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The FRED Blog – Who’s working and where?

The FRED Blog examined labor force participation rates among adults aged 25-54 in the U.S., Spain, U.K., and Japan, and found stark differences. Since the 1960s, Japan and the U.K. show steady increases in employment activity. Spain shows a sharp increase beginning in the early 2000s.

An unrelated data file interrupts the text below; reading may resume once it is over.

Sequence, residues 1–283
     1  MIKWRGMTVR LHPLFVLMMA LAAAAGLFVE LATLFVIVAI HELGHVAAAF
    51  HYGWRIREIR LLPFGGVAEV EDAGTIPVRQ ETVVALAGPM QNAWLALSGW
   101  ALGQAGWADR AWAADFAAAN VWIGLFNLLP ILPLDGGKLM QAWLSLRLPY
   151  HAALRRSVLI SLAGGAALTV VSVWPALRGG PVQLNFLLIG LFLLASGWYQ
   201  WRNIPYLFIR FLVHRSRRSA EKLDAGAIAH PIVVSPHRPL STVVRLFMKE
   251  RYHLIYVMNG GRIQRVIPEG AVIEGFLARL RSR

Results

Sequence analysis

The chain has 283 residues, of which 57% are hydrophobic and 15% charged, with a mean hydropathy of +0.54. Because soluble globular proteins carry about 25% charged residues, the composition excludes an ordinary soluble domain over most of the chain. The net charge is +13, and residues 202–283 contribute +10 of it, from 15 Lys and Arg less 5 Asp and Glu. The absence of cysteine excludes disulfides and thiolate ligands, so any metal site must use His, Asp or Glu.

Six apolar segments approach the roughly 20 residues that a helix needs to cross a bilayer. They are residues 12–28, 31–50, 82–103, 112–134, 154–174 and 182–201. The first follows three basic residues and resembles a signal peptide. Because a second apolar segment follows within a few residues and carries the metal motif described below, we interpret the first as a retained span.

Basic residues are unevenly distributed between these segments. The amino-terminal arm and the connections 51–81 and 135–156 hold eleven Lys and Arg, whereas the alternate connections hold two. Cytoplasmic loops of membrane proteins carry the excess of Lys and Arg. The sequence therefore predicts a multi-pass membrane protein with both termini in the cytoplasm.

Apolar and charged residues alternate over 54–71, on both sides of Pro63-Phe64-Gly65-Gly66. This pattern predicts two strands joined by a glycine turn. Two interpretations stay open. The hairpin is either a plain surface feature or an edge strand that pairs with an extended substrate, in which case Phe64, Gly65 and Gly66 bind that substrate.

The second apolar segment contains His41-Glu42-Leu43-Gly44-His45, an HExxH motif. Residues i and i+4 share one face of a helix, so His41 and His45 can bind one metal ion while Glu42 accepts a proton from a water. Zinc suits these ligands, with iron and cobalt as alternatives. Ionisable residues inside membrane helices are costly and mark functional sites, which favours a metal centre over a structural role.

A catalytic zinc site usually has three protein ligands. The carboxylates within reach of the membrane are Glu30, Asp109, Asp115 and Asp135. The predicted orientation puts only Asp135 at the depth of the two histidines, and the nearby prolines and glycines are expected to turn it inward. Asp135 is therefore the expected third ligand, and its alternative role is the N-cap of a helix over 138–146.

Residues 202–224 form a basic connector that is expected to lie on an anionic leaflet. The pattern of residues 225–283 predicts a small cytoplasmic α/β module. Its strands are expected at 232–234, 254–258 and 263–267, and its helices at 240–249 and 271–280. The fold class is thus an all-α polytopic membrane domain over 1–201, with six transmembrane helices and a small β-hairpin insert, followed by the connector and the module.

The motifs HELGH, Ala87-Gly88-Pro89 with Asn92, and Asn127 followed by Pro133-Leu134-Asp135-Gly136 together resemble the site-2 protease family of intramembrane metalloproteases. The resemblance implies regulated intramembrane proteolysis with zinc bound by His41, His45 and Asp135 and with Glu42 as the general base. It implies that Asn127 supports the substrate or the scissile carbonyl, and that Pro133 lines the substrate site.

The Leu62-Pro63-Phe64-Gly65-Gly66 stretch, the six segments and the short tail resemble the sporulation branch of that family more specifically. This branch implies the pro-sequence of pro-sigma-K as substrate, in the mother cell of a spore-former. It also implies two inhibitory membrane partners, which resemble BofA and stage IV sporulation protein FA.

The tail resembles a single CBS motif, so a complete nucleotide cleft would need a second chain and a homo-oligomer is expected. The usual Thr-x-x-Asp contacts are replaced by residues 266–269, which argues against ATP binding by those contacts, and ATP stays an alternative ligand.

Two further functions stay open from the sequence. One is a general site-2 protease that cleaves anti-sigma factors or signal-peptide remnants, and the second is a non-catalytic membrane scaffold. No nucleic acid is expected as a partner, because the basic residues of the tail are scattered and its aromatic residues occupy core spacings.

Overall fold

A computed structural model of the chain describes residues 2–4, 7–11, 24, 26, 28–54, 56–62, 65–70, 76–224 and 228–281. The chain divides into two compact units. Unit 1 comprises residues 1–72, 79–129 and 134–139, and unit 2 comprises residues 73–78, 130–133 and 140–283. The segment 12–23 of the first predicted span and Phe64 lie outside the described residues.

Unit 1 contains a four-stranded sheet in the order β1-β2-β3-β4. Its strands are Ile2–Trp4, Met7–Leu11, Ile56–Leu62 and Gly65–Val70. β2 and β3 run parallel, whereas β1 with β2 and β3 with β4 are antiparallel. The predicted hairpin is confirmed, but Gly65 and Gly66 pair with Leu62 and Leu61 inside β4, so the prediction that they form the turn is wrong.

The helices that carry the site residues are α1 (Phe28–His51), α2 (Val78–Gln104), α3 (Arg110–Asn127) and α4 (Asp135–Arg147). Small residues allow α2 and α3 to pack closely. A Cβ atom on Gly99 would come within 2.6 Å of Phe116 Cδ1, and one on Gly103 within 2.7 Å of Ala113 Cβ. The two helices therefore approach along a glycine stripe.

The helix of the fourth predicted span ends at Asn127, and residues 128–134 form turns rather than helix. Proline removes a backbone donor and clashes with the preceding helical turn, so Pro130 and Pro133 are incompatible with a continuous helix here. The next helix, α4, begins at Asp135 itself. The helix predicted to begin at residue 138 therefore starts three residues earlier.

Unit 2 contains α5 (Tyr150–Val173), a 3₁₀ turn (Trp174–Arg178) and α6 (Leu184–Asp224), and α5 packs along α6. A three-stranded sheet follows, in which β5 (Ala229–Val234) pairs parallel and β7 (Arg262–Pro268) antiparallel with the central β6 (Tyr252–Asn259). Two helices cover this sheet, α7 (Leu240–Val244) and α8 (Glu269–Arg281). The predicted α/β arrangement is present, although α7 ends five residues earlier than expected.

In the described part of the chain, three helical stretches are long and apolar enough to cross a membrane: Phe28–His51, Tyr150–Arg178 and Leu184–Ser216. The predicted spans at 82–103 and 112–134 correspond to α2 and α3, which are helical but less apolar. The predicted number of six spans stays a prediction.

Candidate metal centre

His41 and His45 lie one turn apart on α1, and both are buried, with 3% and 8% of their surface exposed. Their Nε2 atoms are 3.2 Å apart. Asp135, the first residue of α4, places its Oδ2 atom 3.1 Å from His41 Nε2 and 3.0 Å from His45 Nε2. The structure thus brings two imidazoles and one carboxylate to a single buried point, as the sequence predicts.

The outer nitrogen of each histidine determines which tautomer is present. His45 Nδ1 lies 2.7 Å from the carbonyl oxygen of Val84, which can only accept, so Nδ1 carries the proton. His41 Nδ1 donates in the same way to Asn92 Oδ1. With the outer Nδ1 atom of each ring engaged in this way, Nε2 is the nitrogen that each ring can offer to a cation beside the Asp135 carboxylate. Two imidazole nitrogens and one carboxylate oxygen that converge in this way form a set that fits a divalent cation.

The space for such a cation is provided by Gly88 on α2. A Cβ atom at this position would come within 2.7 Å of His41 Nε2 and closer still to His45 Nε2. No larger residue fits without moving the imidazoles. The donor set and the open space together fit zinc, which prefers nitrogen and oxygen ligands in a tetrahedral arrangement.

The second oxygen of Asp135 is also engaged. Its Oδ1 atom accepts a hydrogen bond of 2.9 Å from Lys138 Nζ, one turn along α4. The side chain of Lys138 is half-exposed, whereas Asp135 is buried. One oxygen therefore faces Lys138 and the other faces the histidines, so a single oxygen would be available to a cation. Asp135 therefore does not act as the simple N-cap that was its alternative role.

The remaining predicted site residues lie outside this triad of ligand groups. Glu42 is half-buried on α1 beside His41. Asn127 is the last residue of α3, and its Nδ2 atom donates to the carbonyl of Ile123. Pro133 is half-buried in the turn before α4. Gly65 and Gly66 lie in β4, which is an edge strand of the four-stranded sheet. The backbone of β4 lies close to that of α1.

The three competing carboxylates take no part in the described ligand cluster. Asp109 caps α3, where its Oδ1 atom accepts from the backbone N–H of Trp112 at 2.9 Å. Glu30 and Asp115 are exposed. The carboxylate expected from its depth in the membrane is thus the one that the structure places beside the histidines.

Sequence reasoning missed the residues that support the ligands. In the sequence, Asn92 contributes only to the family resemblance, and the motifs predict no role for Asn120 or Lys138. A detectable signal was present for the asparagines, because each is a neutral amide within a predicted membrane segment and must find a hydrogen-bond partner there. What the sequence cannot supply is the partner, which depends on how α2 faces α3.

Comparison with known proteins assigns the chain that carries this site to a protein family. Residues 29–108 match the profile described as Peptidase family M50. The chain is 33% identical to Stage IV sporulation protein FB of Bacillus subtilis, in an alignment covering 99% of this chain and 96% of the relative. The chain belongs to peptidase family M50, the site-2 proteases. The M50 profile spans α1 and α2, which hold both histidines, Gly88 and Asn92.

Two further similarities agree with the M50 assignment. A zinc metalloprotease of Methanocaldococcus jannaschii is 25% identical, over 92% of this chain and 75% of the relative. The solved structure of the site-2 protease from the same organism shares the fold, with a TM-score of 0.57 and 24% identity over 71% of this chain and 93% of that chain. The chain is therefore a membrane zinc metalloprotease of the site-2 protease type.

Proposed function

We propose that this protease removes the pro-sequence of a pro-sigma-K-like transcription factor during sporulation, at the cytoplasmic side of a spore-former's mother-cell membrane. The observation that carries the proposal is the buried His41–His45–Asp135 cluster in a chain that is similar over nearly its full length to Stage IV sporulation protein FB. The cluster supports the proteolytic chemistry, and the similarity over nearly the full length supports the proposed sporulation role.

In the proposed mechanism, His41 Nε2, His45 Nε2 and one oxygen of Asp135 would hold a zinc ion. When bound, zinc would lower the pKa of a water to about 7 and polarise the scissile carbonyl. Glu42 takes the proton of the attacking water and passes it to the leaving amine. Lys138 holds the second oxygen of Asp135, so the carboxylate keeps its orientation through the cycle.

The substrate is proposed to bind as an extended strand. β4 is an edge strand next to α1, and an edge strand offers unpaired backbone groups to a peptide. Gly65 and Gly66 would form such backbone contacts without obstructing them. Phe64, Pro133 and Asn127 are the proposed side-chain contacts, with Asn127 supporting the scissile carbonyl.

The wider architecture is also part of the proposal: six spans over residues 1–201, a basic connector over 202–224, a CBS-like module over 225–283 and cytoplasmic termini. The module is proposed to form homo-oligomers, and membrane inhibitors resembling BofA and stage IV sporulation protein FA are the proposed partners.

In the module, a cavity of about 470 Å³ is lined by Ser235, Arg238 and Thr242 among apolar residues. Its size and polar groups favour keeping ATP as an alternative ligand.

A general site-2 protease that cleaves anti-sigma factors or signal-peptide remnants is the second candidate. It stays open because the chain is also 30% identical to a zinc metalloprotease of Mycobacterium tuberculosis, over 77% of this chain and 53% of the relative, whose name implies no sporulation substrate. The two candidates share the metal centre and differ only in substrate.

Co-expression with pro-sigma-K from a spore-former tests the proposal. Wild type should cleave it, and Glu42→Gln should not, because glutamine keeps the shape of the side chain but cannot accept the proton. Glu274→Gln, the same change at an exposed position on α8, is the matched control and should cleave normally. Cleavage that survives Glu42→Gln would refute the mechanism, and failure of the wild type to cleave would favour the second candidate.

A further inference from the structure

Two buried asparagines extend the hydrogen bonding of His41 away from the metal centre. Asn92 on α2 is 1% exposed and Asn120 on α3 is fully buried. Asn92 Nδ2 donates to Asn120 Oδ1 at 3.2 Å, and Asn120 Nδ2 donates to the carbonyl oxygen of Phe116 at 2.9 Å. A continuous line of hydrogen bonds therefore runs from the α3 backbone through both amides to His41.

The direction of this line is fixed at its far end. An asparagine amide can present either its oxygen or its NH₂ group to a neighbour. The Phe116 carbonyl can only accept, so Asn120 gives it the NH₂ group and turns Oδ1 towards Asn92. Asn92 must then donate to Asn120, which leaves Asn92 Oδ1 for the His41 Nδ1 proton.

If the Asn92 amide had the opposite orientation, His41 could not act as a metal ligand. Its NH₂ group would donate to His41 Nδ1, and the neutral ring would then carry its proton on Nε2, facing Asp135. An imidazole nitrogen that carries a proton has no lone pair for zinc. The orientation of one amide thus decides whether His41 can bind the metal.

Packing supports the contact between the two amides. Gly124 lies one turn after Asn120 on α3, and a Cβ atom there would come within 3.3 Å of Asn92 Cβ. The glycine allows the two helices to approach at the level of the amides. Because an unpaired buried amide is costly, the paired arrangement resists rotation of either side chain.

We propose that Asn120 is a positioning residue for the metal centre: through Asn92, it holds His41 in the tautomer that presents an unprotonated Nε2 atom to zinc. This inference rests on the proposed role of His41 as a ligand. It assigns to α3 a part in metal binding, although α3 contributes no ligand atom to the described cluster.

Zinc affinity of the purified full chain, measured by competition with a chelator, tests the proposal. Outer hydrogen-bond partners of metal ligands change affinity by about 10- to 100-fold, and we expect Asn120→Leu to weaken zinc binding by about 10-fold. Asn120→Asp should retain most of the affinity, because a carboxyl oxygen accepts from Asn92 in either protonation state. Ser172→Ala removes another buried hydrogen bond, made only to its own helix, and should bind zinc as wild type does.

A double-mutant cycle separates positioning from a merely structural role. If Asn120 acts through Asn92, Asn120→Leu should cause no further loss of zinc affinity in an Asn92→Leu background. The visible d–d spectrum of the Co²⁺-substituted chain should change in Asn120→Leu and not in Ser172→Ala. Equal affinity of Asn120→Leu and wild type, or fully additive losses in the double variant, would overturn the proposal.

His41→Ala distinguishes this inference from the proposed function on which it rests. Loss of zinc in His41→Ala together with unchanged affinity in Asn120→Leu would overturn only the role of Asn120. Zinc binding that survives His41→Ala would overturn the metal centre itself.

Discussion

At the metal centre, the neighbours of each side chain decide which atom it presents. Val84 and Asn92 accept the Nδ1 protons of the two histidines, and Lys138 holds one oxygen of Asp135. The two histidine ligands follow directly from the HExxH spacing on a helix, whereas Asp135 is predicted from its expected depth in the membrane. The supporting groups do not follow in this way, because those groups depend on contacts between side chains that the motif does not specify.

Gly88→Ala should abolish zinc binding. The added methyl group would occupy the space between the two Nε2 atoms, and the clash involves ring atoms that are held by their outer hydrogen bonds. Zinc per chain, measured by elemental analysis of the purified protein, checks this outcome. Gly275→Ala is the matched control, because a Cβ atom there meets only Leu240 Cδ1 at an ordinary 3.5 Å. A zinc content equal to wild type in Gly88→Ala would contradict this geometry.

However, the U.S. shows a decline since the 1990s. When the data are analyzed by gender, they show the decrease in participation has to do with males. After peaking in the 1970s, the percentage of males in the workforce has steadily declined. Full post here. Also, the percentage of females in the U.S. labor force is associated with shifting family dynamics. In the working paper “Family Economics Writ Large,” authors Jeremy Greenwood, Nezih Guner, and Guillaume Vandenbroucke examine the role of women in the labor force and the associated trends that concern policymakers today, including declining fertility rates, upsurge in educational attainment, and increase in divorce. Full technical paper here.